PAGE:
Although Oakey is too small to offer a large range of cultural activities, there are some. Dance lessons are available through the Kingsthorpe School of Dance and the local art group meets weekly for various activities. The Oakey Cultural Centre has concerts and other cultural events. Art classes are available through the Oakey Art Group and the Oakey Art Studio. For films, the townsfolk drive 29 km out to Toowoomba as the town does not have a cinema.
There’s also the Museum of Army Aviation at the airport – which is also an active military airfield – and the Jondaryan Woolshed, which has been shearing sheep the traditional way for over 150 years.
There are plenty of outdoor escapes within easy reach of Oakey. For fishermen there’s Oakey Creek, which runs through the town itself – but for the best fishing, head upstream to Bowenville or Wainui. Gowrie Creek, less than 5 km from Oakey, is also worth checking out.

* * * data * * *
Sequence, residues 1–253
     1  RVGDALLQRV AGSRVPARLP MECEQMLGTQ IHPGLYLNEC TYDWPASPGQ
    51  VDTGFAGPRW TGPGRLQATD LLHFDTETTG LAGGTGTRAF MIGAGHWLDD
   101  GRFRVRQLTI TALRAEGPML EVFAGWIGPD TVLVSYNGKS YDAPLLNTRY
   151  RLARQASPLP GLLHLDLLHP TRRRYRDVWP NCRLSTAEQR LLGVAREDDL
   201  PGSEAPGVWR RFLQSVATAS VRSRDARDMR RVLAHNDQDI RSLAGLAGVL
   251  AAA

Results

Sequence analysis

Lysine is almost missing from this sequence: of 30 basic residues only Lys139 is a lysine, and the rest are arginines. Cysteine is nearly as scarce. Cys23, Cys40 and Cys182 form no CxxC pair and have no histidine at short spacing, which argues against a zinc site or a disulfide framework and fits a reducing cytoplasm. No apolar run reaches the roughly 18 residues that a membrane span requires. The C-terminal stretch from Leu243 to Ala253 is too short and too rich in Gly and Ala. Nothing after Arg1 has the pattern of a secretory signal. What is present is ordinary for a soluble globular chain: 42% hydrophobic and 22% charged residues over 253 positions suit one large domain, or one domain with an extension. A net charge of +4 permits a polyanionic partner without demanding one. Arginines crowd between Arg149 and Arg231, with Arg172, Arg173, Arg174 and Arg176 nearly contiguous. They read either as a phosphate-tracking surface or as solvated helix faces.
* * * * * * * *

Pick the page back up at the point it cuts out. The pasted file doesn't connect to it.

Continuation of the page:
Alternatively, Ravensbourne National Park has a well-preserved rainforest habitat with some amazing bird life. Crows Nest National Park offers eucalypt forest and spectacular waterfalls, and there are camping facilities there if you’re planning a longer trip.
The area around Oakey is agricultural but there are some patches of bush left, making it easy to get away for a few hours. Less than an hour’s drive away you’ll find a lot more options, including the Crows Nest and Ravensbourne National Parks. If you enjoy heading for the woods and hills, you’ll find plenty of opportunities around Oakey.
The area around Oakey has plenty of quiet roads through scenic farmland, ideal for a cycling excursion. Nearby bush areas are also good if you’re looking for a more challenging ride.
If team sports are more your style, Oakey is well catered for. There are rugby league and soccer clubs which both have junior and senior teams, as well as a popular golf club and various other activities. Clubs include: